!   This introduction is divided into three subsections. First a  background
!   section introduces the ideas that first lead up to the project.
!   Next follows a brief describtion of how graphics are rendered in X today, and
!   how \libname{} has been designed to fit this model. Last a section is
!   given that sums up the high level design choices made for \libname.
!
!     around with it at this point}
!
!
!   \subsection {Background}
!   There's an obvious trend visible in the appearence of modern window systems
!   and 2D graphics in general these days.
!   They all become more and more loaded with graphical features and visual
!   effects for each available product generation.
!
!   Unfortunately these features demand a lot of computation time from the CPU.
!   In the past this has meant a slowdown throughout the entire system as
!   well as a significant limitation in the kind of visual effects that could be
!   used. To relieve the CPU, modern window systems have developed 2D-graphics
!   engines which utilize the high performance rendering capabilities inherent in
!   today's graphics hardware. In fact, much of the visual effects and advanced
!   graphics that can be seen in these systems wouldn't even be feasible without
!   hardware accelerated rendering.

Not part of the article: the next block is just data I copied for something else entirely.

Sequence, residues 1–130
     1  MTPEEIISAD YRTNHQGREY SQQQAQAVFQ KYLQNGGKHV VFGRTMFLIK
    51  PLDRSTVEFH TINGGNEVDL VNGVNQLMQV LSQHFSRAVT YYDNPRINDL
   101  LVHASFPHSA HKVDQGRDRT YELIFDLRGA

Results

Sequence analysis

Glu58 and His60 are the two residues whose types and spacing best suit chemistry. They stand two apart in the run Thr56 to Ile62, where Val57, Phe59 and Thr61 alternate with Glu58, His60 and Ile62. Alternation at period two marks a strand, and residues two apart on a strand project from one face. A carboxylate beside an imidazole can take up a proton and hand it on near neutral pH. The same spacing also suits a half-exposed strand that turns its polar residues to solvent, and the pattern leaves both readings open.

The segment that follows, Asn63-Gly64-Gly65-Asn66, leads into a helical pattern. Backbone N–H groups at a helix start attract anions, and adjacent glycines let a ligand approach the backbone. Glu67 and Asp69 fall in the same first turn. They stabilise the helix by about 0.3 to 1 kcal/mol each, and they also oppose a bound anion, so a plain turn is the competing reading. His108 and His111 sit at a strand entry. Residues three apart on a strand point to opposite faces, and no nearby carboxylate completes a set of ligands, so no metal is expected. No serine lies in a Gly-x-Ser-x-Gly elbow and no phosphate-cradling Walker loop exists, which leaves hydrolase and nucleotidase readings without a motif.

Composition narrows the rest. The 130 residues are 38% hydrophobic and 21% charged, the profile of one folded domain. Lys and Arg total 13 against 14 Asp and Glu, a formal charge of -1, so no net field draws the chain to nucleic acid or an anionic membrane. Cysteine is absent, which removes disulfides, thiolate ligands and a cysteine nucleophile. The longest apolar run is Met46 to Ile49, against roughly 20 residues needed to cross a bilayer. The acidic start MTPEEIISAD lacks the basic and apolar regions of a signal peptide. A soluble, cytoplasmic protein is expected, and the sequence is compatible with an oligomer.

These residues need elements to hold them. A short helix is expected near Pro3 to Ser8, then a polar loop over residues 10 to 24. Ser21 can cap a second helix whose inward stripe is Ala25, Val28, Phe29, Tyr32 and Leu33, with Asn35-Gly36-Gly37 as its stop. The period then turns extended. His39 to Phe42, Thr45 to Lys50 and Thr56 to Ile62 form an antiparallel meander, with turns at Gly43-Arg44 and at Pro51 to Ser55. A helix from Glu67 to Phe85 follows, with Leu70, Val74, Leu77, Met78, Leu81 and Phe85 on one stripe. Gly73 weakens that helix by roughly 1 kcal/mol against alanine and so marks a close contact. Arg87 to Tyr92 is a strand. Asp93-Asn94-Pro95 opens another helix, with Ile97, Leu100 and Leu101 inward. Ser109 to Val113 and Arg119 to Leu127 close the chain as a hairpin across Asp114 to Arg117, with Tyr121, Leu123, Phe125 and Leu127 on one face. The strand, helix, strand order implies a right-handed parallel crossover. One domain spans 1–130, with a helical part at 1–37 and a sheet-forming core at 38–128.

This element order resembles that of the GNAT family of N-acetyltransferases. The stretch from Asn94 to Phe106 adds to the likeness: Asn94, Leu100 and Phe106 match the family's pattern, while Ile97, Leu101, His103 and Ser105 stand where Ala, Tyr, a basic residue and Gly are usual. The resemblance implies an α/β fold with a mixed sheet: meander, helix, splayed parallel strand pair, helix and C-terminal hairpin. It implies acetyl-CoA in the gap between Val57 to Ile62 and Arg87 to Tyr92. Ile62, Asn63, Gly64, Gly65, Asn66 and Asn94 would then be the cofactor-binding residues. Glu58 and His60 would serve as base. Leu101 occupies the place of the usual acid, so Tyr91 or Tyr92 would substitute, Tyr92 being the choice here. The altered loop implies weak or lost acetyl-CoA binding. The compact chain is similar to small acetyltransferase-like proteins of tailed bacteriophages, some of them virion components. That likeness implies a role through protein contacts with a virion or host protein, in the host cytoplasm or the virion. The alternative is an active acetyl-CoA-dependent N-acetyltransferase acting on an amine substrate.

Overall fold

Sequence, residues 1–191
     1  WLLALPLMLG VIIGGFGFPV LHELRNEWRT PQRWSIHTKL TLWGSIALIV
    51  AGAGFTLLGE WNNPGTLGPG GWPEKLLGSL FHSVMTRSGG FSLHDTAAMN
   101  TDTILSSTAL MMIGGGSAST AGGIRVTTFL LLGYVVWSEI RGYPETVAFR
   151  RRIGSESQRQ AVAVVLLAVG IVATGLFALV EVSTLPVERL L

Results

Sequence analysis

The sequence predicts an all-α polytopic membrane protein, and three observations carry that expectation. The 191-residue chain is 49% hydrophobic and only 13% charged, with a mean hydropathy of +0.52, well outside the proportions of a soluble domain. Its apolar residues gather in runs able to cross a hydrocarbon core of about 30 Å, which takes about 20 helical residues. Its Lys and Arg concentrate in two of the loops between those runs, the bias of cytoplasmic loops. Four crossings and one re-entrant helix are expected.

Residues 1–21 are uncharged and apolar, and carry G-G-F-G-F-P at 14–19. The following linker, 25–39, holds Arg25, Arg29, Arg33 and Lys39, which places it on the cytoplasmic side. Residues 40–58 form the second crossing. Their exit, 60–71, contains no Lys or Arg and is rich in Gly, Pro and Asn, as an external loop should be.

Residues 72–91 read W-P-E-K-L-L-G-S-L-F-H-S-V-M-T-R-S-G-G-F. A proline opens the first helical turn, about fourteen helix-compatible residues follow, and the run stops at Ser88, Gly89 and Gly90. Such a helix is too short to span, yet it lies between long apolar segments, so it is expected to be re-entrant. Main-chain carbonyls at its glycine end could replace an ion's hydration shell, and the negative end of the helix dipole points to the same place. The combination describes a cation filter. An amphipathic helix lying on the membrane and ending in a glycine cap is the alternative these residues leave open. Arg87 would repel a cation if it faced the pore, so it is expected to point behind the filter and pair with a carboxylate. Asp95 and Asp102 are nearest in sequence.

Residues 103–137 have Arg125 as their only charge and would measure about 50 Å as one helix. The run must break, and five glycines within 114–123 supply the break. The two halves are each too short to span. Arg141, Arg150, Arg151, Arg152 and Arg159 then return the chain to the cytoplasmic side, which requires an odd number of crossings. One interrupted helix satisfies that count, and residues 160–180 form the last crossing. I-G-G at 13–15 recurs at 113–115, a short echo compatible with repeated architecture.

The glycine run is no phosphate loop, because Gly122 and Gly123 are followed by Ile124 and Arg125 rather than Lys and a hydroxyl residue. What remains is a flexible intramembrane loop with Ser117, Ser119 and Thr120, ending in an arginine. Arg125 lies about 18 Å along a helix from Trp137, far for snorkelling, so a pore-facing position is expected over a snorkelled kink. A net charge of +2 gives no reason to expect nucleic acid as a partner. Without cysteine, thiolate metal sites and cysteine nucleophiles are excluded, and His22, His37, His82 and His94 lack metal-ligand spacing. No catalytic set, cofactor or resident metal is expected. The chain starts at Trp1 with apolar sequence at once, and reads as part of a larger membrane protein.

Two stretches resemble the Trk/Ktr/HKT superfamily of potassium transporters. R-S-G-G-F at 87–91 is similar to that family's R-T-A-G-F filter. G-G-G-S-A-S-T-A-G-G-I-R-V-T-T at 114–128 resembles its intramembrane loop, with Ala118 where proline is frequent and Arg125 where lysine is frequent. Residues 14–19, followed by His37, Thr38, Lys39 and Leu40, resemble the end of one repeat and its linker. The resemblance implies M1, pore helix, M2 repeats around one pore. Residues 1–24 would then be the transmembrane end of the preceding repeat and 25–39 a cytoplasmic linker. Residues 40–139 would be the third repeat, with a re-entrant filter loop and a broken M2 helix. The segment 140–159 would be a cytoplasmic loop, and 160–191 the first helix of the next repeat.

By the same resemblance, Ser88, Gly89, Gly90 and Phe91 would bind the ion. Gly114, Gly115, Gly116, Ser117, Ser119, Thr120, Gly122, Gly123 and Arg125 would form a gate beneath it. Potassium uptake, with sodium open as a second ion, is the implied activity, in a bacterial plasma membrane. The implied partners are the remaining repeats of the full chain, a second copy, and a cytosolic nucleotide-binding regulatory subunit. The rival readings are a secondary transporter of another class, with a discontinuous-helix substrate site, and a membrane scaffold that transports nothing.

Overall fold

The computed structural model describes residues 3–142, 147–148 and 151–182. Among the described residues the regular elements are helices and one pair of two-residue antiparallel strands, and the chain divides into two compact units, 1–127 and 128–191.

!
!   The main idea behind this project is to investigate the potential usefulness
!   of an open source 2D graphics library that can be accelerated to create a high
!   performance rendering environment.
!
!   Furthermore these ideas have been applied to X to see if
!   they could be used to improve hardware acceleration of graphical applications
!   in that context.
!
!   \edannote {Applied to X?? More like developed for X or something. Rethink.}
!
!
!   The X Window System wasn't originally designed for the advanced
!   graphics that
can be seen on modern desktops. The main reason is that graphics
hardware available at the time was not fast enough. Application
developers soon found the core graphics routines inadequate and the trend
!   became to use client-side software rendering instead.
!   Several steps have been taken to rectify this since then.

+   \edannote {How to make this section feel like it fits in better... and
+   perhaps try to reduce section depth}
+
+
+   \subsubsection {X Render Extension}
One major improvement was made with the introduction of the X Render Extension
(Render)~\cite{render:2000}. Render has widely been accepted as the new
!   rendering model for X. It brought the desired graphics
operations to the applications and thereby filled in the gaps of the
core protocol. Some of the features that Render
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*** 79,90 ****
system.

Render uses the XFree86 Acceleration Architecture (XAA)~\cite{xaa} to achieve
!   hardware accelerated rendering. This requires graphics driver developers to
!   add their own XAA Render hooks in each driver to support it, which results in
!   duplicated effort. XAA breaks down complex Render operations into simpler
!   ones and accelerates them if support is provided by the driver, otherwise it
!   falls back on software. Unfortunately not many drivers have much support for